(f) Thereafter, the investigation shall be deemed concluded, and the investigating officer shall resolve the case within ten (10) days therefrom. Upon the evidence thus adduced, the investigating officer shall determine whether or not there is sufficient ground to hold the respondent for trial.
x x x
Sec. 5. Duty of investigating judge. — Within ten (10) days after the conclusion of the preliminary investigation, the investigating judge shall transmit to the provincial or city fiscal, for appropriate action, the resolution of the case, stating briefly the findings of facts and the law supporting his action, together with the entire records of the case, which shall include: (a) the warrant, if the arrest is by virtue of a warrant; (b) the affidavits and other supporting evidence of the parties; (c) the undertaking or bail of the accused; (d) the order of release of the accused and cancellation of his bond, if the resolution is for the dismissal of the complaint.
. . . (Emphasis supplied
Respondent judge tried to cover up her negligence by claiming that she already issued resolutions forwarding these cases to the provincial prosecutor for proper action. A close examination of the resolutions, 16 however, reveals that these were issued only in 1995, from April to December. The complaints were filed from 1988 to 1992. This means that the cases have been pending for three to seven years before respondent judge acted on them. This is a clear violation of the rule requiring municipal judges to resolve cases for preliminary investigation within ten (10) days from conclusion thereof.
Furthermore, respondent judge has been remiss in her duty as presiding judge to conduct a periodic review of the archived cases in her sala. 17 It appears that all the archived cases in respondent judge’s sala have remained untouched for several years. Respondent judge reviewed these cases only after SURCIMO filed a complaint with the Executive Judge charging her with undue delay in the disposition of cases. Were it not for the pressure exerted by the complainant, respondent judge would not have attended to said cases.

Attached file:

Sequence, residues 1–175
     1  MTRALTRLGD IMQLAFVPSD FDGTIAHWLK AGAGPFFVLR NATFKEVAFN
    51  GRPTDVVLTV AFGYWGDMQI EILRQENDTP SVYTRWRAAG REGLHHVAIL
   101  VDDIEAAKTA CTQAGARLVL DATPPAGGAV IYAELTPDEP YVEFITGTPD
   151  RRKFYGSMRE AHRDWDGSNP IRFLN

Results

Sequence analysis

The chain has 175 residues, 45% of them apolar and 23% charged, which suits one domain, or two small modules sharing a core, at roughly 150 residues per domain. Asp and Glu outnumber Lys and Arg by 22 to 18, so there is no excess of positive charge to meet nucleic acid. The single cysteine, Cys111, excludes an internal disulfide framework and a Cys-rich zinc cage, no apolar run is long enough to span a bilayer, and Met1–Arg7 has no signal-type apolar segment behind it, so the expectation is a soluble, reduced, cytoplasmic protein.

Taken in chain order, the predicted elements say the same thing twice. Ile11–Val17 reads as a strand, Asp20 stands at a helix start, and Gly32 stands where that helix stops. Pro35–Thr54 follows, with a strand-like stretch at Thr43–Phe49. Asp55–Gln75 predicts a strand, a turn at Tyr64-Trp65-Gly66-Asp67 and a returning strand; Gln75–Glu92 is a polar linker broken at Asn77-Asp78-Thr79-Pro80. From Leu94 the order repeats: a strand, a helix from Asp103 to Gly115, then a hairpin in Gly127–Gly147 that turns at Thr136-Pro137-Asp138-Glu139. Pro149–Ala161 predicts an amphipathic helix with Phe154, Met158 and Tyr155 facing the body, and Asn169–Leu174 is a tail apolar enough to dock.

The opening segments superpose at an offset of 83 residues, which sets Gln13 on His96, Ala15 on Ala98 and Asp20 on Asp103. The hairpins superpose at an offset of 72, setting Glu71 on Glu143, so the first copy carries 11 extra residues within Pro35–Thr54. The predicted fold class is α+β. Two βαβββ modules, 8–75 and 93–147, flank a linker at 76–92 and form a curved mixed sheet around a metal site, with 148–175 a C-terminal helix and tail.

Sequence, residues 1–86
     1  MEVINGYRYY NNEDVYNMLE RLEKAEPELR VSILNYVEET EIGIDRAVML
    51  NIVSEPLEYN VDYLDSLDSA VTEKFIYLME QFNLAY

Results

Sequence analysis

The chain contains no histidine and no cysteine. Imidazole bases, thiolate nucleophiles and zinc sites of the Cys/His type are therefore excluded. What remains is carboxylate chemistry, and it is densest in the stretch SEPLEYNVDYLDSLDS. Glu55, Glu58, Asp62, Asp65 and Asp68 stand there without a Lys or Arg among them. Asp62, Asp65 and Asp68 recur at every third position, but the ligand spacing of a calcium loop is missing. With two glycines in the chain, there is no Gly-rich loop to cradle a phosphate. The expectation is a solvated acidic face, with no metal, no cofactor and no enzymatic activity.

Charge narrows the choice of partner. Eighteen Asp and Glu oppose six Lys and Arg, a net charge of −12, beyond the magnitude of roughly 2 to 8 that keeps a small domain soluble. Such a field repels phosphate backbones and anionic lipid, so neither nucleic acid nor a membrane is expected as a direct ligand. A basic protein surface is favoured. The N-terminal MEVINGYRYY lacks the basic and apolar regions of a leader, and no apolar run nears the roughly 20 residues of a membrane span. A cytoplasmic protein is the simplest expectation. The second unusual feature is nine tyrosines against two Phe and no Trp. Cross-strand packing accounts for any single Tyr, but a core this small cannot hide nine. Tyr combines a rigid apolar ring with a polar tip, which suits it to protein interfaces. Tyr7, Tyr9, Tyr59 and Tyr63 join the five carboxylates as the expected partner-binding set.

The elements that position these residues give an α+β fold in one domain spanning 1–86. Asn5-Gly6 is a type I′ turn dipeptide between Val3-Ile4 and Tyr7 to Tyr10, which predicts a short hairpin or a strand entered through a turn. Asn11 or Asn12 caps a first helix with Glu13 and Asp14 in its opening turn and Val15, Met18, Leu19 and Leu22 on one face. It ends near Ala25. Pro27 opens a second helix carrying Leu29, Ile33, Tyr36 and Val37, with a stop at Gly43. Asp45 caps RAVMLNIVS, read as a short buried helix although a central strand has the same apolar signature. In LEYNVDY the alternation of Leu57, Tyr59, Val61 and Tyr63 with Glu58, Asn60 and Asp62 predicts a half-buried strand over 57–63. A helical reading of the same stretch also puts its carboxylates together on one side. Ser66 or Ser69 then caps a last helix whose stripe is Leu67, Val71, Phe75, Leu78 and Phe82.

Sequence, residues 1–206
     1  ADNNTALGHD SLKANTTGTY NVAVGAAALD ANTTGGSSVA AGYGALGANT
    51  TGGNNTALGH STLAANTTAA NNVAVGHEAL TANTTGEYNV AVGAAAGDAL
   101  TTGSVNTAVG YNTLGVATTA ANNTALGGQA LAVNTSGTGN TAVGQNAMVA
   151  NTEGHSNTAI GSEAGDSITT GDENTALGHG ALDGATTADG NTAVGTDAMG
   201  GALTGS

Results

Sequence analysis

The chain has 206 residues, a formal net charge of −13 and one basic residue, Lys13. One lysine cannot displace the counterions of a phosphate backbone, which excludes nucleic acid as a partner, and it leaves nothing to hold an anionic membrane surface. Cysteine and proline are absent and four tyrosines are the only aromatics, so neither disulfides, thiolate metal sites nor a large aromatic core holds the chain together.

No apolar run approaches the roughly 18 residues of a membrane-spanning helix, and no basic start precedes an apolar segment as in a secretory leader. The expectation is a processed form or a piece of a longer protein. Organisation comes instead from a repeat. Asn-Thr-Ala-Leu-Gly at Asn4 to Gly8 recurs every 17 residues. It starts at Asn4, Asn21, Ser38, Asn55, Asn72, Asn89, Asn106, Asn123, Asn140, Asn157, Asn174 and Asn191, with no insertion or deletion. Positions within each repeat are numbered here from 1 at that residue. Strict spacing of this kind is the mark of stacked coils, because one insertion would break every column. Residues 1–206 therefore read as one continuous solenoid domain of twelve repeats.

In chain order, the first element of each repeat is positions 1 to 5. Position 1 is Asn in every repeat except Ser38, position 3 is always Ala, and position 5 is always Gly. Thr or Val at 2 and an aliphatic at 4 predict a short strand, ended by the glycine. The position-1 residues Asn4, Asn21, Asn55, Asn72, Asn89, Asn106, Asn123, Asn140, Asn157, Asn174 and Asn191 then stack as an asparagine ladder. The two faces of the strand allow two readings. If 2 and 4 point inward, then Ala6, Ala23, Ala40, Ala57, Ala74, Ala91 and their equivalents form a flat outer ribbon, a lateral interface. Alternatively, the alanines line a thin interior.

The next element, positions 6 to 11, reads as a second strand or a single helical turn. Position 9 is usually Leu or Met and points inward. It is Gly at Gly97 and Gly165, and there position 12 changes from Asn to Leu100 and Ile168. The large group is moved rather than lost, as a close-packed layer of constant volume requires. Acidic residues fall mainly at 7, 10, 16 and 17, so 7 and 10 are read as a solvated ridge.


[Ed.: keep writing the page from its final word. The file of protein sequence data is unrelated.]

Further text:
We therefore find respondent judge guilty of gross inefficiency and gross negligence for failure to act promptly on the cases pending in her sala and for unduly archiving cases which are not within her jurisdiction.
We also note that this is respondent judge’s second offense. She was previously found guilty of releasing prisoners without bail and was fined P5,000.00. 18
IN VIEW WHEREOF, respondent Judge Flordeliza D. Coro is DISMISSED from service with forfeiture of all leave credits and retirement benefits and with disqualification for reemployment in the national and local governments, as well as in any government instrumentality or agency, including government-owned or controlled corporations.
This decision is immediately executory and the respondent judge is further ordered to cease and desist from discharging the functions of his office upon receipt of this Decision. Let a copy be entered in the personal records of the Respondent
Narvasa, CJ., Padilla, Regalado, Davide, Jr., Romero, Bellosillo, Melo, Puno, Vitug, Kapunan, Francisco, Hermosisima, Jr., Panganiban and Torres, Jr., JJ.
, is on leave.
1. Regional Trial Court, Dapa, Surigao del Norte.
2. Rollo, p. 7.
3. Municipal Circuit Trial Court (MCTC), Del Carmen — San Benito — San Isidro, Surigao del Norte.
4. Criminal Case No. 3167, 3168, 3162, 3178, 3022, 3041, 3096, 3074, 3158, 3152, 3172, 3169, 3181, 3119, 3176, 3105, 3165, 3161, 3156, 3112, 3046, 3166, 3177, 3106, 3151, 3170, 3155, 3068, 3111, 3142, 3147, 3107, 3160, 3153, 3174, 3033, 3138, 3109.
5. Rollo, p. 5.
6. Rollo, p. 1.
7. Rollo, p. 8.
8. Rollo, pp. 12-13.
9. Rollo, p. 14.
10. Rollo, pp. 17-23.
11. Rollo, pp. 89-110.
12. Received by the Regional Trial Court of Dapa, Surigao del Norte on January 6, 1996; Rollo, p. 14.
13. Per examination of the criminal docket and records of MCTC, Del Carmen — San Benito — San Isidro, Surigao del Norte conducted by Clerk of Court Doris R. Camingue on March 31, 1995; Rollo, pp. 17-13.
14. Crim. Case No. 3046 (Cattle Rustling); No. 3106 (Frustrated Homicide); No. 3107 (Frustrated Murder); No. 3111 (Murder); Nos. 3147, 3151, 3152, 3153, 3158, 3161, 3165, 3166, 3168, 3170, 3178 (Illegal Fishing); Nos. 3155, 3156, 3172, 3177 (Illegal Possession of Explosives).
15. See Cantela v. Almoradie, 229 SCRA 712 (1994).
16. Rollo, pp. 24-88
17. Administrative Circular No. 7-A-92.
18. Rollo, pp. 188-189.